Gridlinked

by Neal Asher

Cover image

Series: Agent Cormac #1
Publisher: Tor
Copyright: 2001
Printing: September 2004
ISBN: 0-765-34905-1
Format: Mass market
Pages: 423

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I had previously read several of Neal Asher's short stories in Asimov's Science Fiction, but this, his first novel, was also the first novel of his that I'd read. Gridlinked is set in the same Polity universe as the Gabbleduck stories, but not on the planet Masada (introduced in Line of Polity, the sequel). It follows Polity agent Cormac on his investigation of a runcible explosion that destroyed the inhabitants of a Polity world, and which appears due to sabotage. But Cormac has another problem: he's been connected, gridlinked, to the net for far too long and his emotions and ability to relate to humans are suffering. And for this mission he'll have to go off-line.

Gridlinked is, in genre, one of the gritty far-future action adventures that seem common from British authors recently. The space ships are rusty, biotechnology makes an appearance, and computer networks and AIs are central to the background, but the underlying plot is still a sophisticated version of solving problems and fighting wars at the edges of known space. The basic structure is almost as old as science fiction; the works succeed or fail on the strength of the characters and the bits of world-building and neat ideas around the edges.

In tone, Asher reminds me the most of Richard Morgan, particularly Broken Angels with its combat, small unit tactics, and heavily enhanced soldiers. Cormac has some of the same cynicism, but nowhere near as much, and Asher doesn't achieve the great hard-boiled tone of Morgan's work. Cormac starts the book as a bit of a whiner, made slightly more interesting by his "net addiction," and finishes the book as a fairly traditional hypercompetent agent who's still trying to figure out what's going on behind the scenes. In between, there's plenty of action and Asher keeps a good handle on the pacing, but I never cared about Cormac to the degree I cared about Kovacs. This matches my experience with Asher's short fiction: the weird bits of world-building are most of the draw, and I have a hard time connecting with his characters.

In the world-building department, there are lots of bits here, some of which connect and some of which don't. Much of the plot deals with a mysterious alien organism called the Dragon, with which Cormac has a history, and its games with humans and murky involvement in the runcible explosion. Asher does a good job at hinting at depths and long history that humanity is beginning to notice, but there's little resolution in this book. Most of this is left as sequel material, abruptly enough that the ending felt like the kind of teaser panels that end comic books and push you to buy next month's issue. Despite the frustration, though, I was intrigued by what Asher did show (and have been intrigued by his short stories), so it may get me to read on.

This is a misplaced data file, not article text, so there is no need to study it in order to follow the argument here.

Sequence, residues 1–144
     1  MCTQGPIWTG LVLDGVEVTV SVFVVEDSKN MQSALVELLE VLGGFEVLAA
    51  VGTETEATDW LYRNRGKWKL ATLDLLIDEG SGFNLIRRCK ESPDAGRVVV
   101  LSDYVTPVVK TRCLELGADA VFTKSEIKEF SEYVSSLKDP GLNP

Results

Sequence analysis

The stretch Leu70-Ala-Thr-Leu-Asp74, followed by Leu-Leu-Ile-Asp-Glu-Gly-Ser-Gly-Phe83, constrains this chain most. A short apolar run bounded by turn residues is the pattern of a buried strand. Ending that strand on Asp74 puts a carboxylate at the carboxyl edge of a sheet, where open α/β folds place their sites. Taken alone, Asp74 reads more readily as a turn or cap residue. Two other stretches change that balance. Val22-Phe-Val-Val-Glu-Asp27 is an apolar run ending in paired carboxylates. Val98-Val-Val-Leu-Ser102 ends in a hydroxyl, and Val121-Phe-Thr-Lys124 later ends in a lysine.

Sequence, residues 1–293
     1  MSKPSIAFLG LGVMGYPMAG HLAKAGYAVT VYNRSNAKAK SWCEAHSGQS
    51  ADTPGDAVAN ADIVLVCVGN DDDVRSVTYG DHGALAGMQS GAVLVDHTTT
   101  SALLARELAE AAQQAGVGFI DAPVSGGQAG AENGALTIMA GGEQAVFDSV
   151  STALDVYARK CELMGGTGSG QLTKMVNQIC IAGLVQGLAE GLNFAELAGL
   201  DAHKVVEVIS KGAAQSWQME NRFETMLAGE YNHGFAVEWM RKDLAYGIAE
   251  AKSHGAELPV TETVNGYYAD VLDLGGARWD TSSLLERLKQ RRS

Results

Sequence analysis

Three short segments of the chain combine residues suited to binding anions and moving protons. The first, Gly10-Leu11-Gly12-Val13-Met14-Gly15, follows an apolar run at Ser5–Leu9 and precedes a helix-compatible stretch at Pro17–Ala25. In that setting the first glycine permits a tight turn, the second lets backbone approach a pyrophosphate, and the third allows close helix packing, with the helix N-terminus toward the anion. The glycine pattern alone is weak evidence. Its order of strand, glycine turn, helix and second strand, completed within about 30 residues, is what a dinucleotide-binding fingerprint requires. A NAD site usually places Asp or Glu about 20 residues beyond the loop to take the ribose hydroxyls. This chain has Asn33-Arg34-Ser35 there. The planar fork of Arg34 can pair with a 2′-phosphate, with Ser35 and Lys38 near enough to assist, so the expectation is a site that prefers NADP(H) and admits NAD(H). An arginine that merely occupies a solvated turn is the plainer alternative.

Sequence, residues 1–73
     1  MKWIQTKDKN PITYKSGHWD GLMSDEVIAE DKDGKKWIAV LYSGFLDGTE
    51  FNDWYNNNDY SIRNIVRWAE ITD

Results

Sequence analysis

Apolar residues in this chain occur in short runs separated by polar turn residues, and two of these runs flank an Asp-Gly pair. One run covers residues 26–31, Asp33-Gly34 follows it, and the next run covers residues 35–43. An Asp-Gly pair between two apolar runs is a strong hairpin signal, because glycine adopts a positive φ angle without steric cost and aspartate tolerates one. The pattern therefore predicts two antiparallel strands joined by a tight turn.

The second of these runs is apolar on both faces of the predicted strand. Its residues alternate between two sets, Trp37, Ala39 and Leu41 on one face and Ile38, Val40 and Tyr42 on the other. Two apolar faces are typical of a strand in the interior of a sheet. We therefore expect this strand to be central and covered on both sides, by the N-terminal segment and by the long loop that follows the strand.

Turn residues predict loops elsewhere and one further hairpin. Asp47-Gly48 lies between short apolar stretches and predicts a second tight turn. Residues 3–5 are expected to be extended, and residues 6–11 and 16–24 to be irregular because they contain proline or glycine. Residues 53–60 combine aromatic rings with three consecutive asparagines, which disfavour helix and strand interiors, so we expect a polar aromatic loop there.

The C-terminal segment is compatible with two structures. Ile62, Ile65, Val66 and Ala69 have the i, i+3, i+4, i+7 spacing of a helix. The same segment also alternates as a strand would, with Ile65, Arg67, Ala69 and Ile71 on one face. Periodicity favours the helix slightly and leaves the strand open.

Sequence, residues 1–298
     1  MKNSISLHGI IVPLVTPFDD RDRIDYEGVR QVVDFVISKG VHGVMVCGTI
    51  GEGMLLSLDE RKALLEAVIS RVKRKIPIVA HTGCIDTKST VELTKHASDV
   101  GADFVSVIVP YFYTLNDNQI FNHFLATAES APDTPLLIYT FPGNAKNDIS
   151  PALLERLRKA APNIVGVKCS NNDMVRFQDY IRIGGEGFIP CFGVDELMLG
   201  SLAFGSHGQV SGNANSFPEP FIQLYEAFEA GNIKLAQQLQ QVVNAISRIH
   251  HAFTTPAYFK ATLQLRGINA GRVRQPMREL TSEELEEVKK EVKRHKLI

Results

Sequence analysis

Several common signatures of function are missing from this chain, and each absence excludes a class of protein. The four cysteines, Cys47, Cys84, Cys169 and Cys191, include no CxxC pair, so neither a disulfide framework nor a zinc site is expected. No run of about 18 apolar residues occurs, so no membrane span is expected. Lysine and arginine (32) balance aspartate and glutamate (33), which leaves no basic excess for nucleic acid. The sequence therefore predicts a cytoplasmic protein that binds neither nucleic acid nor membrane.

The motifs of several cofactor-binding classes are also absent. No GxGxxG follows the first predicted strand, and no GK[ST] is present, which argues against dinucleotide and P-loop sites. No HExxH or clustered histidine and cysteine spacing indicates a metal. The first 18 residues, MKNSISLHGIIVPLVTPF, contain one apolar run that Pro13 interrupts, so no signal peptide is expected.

In typical first-book fashion, Asher does throw in a truck-load of technological bits and neat small ideas. Androids with artificial personalities play an important role in warfare and have their own psychoses, Cormac's Shuriken (one of a whole family of smart weapons by a famous weapon designer) is a great speechless sidekick character as well as a neat weapon idea, and Asher makes good plot use of AIs. And Asher does love his monsters and creates them at scale. The Dragon, the Maker, and Mr. Crane walk the border between explainable SF aliens and horrific or sociopathic monsters, reminding me somewhat of China Miéville (although Asher lacks Miéville's beautiful prose and vivid descriptions). It reinforces the feel of Gridlinked as an updated, modernized, and ambiguous version of a very old SF pattern: the human agent against the monstrous aliens.

I was less than satisfied with the characters and the ending but enjoyed Asher's imagination. If there had been more resolution around the Dragon and the Maker, I'd feel more comfortable recommending this one. As-is, it's good for a first novel, flawed but quite entertaining. If you're in the mood for fairly violent SF special agent fiction, you could certainly do worse.

Followed by Line of Polity.

Rating: 6 out of 10

Reviewed: 2007-09-16

Last modified and spun 2014-12-21